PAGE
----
Their filling the troughs “to water their father’s flock” marks them also as being types of those believers who not only themselves drink from the well of the Word, but who also share with others the results of their reading, study, and meditation.


2:17.  “And the shepherds came and drove them away: but Moses stood up and helped them, and watered their flock.”


It isn’t difficult to see in those evil shepherds the counterpart of those unconverted clerics who today lord it over Christendom. They are those who will neither enter into the kingdom themselves nor suffer others to enter, as the Lord himself declared of their Jewish prototypes, “But woe unto you, scribes and Pharisees, hypocrites! for ye shut up the kingdom of heaven against men: for ye neither go in yourselves, neither suffer ye them that are entering to go in,” Matthew 23:13.  And as Moses helped those women to water their flock, so does the Lord help obedient believers to do what is symbolically portrayed in that watering, i.e., to minister to others.


2:18.  “And when they came to Reuel their father, he said, How is it that ye are come so soon today?”


Reuel means associate ye with God: tend ye God, a name particularly apt for the father of such daughters as these seven appear to have been.


2:19.  “And they said, An Egyptian delivered us out of the hand of the shepherds, and also drew water enough for us, and watered the flock.”


His dress had caused them to mistake Moses for an Egyptian; and likewise the Lord’s coming amongst the Jews in human form caused them to mistake Him for just another man; but as Moses delivered those women, so has Christ delivered believers out of the hand of Satan, their ultimate experience of that deliverance coming when they enter heaven.


2:20.  “And he said unto his daughters, And where is he? why is it that ye have left the man? call him, that he may eat bread.”


Few will have difficulty seeing in this the foreshadowing of the Lord’s Supper.  As Moses was the guest of honor at that meal in Reuel’s house, so is Christ the Guest of honor at the Lord’s Supper, where believers, on the first day of each week, remember His death, and present their worship to the Father, in the name of the Son, and in the power of the Holy Spirit.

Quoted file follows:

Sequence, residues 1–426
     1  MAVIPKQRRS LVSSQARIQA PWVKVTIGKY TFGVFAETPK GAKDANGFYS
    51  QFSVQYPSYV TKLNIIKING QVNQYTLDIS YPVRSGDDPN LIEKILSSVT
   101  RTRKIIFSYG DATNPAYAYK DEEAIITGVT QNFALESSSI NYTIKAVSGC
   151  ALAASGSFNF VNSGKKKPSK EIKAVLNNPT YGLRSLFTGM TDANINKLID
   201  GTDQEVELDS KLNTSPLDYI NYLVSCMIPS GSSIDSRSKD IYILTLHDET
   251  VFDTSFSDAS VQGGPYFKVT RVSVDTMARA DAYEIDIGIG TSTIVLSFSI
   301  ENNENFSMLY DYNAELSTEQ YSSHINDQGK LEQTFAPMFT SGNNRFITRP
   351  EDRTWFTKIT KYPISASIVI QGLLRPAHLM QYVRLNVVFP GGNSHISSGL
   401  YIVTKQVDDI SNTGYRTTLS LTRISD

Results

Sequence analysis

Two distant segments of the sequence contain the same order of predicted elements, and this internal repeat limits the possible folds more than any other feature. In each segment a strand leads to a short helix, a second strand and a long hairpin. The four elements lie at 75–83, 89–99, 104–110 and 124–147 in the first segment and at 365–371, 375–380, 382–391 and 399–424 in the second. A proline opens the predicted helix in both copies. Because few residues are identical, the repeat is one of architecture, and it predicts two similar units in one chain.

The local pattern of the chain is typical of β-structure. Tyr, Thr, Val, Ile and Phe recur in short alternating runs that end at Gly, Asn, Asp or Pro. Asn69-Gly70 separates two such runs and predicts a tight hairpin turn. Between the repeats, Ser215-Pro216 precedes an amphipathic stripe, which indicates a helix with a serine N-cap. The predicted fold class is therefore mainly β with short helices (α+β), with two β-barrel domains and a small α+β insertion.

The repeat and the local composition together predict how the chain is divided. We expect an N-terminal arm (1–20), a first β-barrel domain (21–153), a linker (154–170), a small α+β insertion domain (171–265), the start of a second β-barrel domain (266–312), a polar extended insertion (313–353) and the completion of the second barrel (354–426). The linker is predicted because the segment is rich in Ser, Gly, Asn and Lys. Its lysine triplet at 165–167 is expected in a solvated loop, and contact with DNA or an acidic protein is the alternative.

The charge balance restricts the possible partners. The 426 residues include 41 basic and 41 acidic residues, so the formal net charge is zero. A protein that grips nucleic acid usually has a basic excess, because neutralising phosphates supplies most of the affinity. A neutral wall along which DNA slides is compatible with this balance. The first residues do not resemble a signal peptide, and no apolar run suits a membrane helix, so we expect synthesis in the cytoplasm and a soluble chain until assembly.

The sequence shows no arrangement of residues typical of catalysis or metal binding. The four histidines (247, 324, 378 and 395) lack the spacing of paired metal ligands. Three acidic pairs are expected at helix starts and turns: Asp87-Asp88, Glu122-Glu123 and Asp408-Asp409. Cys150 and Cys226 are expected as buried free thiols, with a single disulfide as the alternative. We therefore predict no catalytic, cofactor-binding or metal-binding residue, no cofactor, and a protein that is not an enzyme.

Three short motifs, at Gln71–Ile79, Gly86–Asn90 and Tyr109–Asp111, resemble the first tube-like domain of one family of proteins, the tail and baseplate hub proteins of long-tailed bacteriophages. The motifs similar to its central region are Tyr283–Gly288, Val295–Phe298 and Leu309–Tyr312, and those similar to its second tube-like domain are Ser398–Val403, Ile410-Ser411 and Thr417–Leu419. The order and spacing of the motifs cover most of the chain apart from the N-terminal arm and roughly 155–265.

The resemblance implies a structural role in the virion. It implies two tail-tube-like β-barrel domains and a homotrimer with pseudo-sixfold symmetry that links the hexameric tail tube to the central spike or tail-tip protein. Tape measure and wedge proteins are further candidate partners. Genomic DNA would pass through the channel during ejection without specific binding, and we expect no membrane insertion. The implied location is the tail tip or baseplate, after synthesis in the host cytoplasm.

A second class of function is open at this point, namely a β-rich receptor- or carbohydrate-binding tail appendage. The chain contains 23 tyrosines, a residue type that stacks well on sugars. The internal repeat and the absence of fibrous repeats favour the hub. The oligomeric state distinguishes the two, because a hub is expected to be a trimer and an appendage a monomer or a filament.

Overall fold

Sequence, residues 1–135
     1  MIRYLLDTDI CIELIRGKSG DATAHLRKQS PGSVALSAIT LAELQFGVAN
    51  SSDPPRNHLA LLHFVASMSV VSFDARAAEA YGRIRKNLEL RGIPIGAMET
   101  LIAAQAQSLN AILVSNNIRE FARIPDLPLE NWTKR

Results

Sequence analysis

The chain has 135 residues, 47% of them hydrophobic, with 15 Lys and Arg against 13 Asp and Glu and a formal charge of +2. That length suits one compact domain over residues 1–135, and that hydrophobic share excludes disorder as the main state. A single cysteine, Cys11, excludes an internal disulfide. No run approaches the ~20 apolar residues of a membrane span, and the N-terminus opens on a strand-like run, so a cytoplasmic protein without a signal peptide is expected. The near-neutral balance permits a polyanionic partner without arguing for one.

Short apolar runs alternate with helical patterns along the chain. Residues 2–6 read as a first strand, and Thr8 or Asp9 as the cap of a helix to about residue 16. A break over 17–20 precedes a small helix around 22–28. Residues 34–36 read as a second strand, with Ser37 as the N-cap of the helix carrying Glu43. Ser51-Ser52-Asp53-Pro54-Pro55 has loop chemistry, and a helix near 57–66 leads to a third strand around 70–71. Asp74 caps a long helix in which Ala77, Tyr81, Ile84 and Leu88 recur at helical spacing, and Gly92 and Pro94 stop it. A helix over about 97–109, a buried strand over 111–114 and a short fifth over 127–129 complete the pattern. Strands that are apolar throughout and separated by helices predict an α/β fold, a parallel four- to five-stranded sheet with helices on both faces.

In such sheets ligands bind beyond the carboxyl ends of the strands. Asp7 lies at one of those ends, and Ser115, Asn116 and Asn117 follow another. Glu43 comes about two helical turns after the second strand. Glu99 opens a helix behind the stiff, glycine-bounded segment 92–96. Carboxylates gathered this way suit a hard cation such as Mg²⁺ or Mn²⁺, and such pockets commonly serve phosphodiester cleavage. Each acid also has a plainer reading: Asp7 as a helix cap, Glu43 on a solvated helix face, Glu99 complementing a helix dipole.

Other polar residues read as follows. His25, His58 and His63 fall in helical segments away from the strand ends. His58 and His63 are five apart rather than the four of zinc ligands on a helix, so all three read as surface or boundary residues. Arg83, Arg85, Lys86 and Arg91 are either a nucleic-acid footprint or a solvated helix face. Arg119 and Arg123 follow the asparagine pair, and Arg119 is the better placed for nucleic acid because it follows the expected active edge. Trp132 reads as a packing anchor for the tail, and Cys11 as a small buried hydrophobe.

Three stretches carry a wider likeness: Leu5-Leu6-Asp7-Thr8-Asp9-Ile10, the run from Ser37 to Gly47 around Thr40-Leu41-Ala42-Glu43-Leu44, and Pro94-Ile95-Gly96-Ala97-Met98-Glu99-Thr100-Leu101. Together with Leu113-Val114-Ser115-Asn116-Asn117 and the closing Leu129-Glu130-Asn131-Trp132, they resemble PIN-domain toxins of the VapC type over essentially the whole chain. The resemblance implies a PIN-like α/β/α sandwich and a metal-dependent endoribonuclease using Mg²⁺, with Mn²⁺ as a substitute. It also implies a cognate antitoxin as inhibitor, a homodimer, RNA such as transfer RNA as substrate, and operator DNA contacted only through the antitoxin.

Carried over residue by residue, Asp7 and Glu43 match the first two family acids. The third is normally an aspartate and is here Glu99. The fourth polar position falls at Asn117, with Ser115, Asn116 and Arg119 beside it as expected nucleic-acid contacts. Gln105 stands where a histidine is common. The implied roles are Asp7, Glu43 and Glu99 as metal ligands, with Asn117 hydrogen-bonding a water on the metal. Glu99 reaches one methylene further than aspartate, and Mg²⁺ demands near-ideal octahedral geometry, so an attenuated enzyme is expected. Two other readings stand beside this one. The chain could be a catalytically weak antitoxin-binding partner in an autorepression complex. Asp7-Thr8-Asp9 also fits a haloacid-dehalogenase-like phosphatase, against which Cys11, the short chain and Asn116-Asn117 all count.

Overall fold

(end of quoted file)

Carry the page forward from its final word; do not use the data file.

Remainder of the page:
2:21.  “And Moses was content to dwell with the man: And he gave Moses Zipporah his daughter.”


As Moses was content to dwell in that home, so is the Lord Jesus Christ, through the Holy Spirit, pleased to dwell today in the midst of His redeemed.


Zipporah means a sparrow, and she is a fitting type of the Church, the corporate body comprised of all those who have been redeemed by the Lord’s precious blood.  But in Scripture the sparrow is synonymous with what is of little value in the eyes of men, “Are not two sparrows sold for a farthing?” Matthew 10:29.  What man despises however, God values, as it is written, “And one of them “a sparrow” shall not fall on the ground without your Father ... Fear not therefore, ye are of more value than many sparrows,” Matthew 29:30.  As Zipporah became the bride of Moses, so are we declared to be the bride of Christ, see Ephesians 5:23-32


2:22.  “And she bare him a son, and he called his name Gershom: for he said, I have been a stranger in a strange land.”


Gershom means a stranger there: a stranger desolate.  The typological picture continues to be of Christ, for Gerhsom is also a type of the Lord, who was as a desolate stranger here in the world, “He was despised and rejected of men; a man of sorrows, and acquainted with grief: and we hid as it were our faces from him; he was despised, and we esteemed him not,” Isaiah 53:3.


But Gershom is also a type of the believer here in the world, for as the Master was despised and rejected, so also will the obedient believer suffer the same treatment; and if we don’t, we can be sure that something essential is lacking from our testimony.


2:23.  “And it came to pass in process of time, that the king of Egypt died: and the children of Israel sighed by reason of the bondage, and they cried, and their cry came up unto God by reason of the bondage.


2:24.  “And God heard their groaning, and God remembered his covenant with Abraham, with Isaac, and with Jacob.”


2:25.  “And God looked upon the children of Israel, and God had respect unto them.”


The Egyptian king mentioned here is generally understood to have been Thutmose III (1504-1450 B.C.), who was succeeded by Amenhotep II (1450-1425 B.C.), under whom the oppression of the Israelites continued unabated.


God may use a heathen nation as His rod to discipline His people, but that doesn’t mean that He has cast them off for ever.  When the chastisement has done its work, and caused them to cry out repentantly to Him, He hears and delivers them, but failure to repent simply prolongs the chastening.


His having respect unto them means that He took notice of them; He looked on them with compassion.

[Exodus 3]


     Scripture portions taken from the Holy Bible, King James Version
© 2000-2005 James Melough